An organization requires granular security and data loss protection within enterprise applications to prevent sensitive data and documents from leaking outside company control. An app may also contain a capability that an enterprise wants to disable for security reasons, such as the ability to synchronize data with a public cloud file storage service. Some security capabilities are natively provided by the operating system and the EMM vendor without any code changes needed to the app, other capabilities require the implementation of an app configuration to enable a security capability. A summary of some of the capabilities are listed below, and an app developer can choose to implement a custom security policy as well.

Developer Requirements
Capability Summary of the AppConfig Community best practices
App Security – Passcode / TouchID Use iOS 7+ “Managed Configuration” to set the pincode or TouchID settings on the application.
App Security – Managed Open-In Set the “managed open in” control available by the EMM provider to restrict the native open in capability. No development required.

EMM providers have the ability to deliver a configuration profile with a restrictions payload specifying “Allow Open From Managed To Unmanaged” and “Allow Open From Unmanaged To Managed.”

Applications that may have additional document sharing or syncing capabilities should use the iOS7+ “Managed Configuration” to set the document sharing and syncing policy on the application.

App Security – Prevent App Backup Set the “prevent app backup” security control available by the EMM provider to prevent app data backup in iTunes. No development required.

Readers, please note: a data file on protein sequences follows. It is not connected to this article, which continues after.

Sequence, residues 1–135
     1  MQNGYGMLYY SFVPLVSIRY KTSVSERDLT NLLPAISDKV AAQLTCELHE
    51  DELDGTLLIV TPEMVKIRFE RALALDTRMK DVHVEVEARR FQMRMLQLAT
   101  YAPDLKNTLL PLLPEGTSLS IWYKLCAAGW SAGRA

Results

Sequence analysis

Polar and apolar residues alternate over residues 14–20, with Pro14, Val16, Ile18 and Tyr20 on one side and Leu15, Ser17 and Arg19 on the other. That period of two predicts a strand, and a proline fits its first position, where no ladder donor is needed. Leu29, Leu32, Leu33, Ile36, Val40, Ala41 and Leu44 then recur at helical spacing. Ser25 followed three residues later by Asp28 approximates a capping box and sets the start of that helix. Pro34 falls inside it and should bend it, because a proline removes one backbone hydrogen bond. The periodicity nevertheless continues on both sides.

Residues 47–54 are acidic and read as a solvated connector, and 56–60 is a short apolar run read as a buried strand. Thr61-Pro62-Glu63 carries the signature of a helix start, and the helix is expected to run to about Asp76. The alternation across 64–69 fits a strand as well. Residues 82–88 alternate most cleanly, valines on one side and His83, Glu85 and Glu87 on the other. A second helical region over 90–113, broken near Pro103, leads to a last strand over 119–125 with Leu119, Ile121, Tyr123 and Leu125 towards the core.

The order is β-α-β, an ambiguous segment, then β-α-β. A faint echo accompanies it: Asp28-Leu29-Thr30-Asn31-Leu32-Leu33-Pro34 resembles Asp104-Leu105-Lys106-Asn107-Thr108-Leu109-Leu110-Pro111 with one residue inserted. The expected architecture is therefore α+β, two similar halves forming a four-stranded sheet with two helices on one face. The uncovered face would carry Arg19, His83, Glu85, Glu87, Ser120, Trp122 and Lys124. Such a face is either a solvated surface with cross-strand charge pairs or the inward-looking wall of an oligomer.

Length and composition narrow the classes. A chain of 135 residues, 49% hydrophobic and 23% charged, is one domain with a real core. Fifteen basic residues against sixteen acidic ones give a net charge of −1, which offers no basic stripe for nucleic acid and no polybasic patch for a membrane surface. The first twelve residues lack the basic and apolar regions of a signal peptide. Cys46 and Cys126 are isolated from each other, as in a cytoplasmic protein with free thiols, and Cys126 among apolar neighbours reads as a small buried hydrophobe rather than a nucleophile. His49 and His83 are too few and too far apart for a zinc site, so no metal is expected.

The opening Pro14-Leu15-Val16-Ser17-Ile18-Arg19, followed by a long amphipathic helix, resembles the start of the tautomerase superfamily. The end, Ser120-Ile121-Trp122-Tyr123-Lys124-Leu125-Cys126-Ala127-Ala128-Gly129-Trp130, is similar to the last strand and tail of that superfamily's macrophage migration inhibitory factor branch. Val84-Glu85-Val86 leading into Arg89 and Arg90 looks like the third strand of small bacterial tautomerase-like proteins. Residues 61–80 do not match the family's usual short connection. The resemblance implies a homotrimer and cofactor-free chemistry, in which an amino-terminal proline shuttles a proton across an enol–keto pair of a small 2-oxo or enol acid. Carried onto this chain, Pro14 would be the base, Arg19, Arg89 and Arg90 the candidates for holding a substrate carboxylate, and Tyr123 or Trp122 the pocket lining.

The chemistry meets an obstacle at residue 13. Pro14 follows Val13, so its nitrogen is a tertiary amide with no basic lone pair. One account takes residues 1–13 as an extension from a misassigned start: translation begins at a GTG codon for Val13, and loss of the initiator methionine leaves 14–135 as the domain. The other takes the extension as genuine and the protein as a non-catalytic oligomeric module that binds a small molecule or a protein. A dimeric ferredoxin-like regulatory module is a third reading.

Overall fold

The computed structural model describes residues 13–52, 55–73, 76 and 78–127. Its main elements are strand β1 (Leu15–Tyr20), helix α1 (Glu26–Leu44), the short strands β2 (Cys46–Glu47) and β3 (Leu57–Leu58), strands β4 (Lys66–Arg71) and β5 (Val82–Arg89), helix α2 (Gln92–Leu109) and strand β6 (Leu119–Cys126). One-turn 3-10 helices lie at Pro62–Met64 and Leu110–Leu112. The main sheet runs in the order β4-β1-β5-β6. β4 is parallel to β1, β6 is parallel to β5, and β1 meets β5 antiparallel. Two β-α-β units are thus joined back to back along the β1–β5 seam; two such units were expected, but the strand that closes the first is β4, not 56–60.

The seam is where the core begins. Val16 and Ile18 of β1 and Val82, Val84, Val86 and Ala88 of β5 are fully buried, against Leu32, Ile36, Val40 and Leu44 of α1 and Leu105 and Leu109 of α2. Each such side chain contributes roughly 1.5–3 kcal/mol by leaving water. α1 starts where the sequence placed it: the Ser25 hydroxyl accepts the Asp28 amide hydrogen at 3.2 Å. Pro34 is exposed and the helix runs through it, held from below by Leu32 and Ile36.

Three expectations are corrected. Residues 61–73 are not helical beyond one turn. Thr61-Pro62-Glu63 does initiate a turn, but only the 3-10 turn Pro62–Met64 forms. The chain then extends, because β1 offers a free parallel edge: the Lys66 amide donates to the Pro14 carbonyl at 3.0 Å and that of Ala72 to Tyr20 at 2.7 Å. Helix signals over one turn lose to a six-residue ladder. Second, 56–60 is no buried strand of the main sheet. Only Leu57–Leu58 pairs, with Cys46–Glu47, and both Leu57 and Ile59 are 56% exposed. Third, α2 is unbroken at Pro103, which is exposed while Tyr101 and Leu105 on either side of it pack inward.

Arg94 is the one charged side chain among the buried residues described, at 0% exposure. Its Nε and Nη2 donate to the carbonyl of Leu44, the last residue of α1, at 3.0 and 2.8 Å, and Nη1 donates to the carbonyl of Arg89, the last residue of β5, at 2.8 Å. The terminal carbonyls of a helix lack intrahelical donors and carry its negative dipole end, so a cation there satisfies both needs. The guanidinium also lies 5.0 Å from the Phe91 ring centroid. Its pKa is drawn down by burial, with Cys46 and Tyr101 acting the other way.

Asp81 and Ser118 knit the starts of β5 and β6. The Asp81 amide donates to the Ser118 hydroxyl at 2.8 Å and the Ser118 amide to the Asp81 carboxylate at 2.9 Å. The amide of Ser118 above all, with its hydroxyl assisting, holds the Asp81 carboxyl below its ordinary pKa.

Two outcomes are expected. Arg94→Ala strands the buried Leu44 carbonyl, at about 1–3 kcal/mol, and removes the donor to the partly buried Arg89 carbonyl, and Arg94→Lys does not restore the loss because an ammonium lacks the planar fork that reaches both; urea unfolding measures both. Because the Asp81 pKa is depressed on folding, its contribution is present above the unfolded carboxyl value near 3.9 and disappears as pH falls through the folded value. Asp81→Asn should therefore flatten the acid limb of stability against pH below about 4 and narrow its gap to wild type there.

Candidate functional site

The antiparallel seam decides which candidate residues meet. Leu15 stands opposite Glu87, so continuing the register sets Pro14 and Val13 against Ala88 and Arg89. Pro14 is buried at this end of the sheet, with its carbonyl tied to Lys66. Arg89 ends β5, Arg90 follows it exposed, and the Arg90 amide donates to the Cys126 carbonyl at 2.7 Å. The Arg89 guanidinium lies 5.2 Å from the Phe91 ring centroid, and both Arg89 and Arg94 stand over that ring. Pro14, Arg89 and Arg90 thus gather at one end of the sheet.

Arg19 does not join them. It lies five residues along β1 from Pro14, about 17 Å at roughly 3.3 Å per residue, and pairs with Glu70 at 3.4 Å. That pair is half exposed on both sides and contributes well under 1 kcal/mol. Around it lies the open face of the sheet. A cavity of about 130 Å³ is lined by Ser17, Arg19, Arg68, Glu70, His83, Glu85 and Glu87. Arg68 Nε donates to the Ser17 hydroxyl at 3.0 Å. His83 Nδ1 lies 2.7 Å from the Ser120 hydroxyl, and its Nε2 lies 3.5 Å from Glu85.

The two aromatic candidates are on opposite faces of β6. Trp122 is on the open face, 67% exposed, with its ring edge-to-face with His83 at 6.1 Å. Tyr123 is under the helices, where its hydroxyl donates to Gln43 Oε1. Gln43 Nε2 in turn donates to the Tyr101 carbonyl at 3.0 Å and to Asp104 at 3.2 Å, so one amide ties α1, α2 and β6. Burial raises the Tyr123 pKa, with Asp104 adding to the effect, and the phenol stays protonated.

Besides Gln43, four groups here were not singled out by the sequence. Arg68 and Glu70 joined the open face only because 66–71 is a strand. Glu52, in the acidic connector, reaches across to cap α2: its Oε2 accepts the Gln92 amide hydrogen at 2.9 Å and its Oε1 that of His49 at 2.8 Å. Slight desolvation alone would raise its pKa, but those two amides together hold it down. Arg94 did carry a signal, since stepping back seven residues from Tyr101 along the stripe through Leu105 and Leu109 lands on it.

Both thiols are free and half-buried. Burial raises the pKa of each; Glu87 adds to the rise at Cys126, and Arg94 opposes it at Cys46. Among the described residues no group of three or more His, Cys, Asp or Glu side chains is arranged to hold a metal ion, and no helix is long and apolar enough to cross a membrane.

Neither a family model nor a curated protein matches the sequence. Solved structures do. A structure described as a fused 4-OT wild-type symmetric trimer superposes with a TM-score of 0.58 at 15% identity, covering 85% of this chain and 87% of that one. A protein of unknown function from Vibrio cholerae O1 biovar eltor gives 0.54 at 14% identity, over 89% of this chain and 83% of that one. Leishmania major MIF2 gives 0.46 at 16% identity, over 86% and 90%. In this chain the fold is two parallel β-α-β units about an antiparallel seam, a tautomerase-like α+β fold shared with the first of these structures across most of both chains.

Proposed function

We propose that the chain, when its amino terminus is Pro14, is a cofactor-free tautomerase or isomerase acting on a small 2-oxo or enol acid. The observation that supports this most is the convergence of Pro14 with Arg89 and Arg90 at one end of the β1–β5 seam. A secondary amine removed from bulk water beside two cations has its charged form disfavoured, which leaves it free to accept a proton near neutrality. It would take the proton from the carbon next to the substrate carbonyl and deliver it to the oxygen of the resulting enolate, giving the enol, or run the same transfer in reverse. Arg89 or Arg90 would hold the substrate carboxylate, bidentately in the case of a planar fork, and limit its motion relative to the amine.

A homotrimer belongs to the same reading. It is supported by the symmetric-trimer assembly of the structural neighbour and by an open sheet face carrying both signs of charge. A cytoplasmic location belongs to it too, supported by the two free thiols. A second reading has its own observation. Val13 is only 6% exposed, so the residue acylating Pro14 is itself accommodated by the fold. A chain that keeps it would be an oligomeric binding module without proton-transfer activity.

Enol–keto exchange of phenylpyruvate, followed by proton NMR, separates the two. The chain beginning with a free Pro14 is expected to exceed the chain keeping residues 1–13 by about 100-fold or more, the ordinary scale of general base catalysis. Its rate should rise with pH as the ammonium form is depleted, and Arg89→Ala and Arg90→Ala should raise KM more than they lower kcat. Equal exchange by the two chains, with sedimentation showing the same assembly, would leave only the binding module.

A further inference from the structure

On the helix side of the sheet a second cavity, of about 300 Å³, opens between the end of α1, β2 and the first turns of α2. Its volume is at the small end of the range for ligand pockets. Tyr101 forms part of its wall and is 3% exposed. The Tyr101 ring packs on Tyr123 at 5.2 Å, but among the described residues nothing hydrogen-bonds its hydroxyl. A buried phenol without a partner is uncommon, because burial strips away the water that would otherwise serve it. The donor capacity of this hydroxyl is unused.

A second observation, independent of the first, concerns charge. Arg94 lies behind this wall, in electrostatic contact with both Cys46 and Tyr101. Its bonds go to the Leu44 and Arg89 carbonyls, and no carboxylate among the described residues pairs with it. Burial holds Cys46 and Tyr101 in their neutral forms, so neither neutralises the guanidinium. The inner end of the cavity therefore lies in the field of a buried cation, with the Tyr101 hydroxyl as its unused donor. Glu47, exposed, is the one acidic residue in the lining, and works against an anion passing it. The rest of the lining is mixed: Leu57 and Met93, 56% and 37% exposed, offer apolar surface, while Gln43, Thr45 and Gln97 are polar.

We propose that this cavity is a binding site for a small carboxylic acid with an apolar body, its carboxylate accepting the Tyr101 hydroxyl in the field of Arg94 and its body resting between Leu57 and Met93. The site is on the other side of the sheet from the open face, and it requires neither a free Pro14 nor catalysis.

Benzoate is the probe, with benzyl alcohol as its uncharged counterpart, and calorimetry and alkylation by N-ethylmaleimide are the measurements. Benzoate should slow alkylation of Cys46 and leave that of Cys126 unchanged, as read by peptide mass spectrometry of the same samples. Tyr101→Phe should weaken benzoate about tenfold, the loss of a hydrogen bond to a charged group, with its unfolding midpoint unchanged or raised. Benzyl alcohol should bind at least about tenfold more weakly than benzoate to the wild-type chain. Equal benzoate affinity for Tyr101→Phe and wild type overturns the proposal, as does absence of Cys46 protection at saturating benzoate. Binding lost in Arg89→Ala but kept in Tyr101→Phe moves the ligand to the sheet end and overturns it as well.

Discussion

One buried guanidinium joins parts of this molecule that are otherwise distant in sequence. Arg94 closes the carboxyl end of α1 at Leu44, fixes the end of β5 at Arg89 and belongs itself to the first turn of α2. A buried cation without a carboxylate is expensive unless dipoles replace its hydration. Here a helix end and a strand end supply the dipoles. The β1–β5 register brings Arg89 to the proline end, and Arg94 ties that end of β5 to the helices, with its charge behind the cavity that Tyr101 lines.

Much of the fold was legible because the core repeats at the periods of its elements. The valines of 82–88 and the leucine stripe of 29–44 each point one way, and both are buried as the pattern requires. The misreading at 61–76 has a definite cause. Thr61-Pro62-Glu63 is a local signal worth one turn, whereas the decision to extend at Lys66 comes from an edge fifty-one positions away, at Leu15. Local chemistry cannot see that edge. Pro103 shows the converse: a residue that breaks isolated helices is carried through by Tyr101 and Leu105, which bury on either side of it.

Full Device:
App developers can prevent the backup of app data to cloud or computer storage like iCloud or iTunes. This is accomplished at a full device level through an MDM restriction profile for iOS.

Per-App:
A developer can enforce backup prevention on a per-app basis by using file save and keychain item attributes, which do not permit the resource to be backed up such as NSURLIsExcludedFromBackupKey and kSecAttrAccessibleAfterFirstUnlockThisDeviceOnly. Reference  the file save and keychain item attributes for additional implementation details.

App Security – Disable Screen Capture Set the “prevent screen capture” security control available by the EMM provider with iOS9+ to restrict the native screenshot capability. No development required.
App Security – Enforce App Encryption Set the device passcode security control available by the EMM provider to enforce the native iOS data protection encryption. No development required. To learn more about iOS encryption and security, reference the iOS Security Guide.
App Security – Remotely Wipe App Distribute the app to the device as a managed application using the EMM tool to have the ability to remotely wipe the app from the device. No development required.
App Security – Disable Copy-Paste Use iOS 7+ “Managed Configuration” to set the copy/paste policy on the application.

Appendix – Developer Tools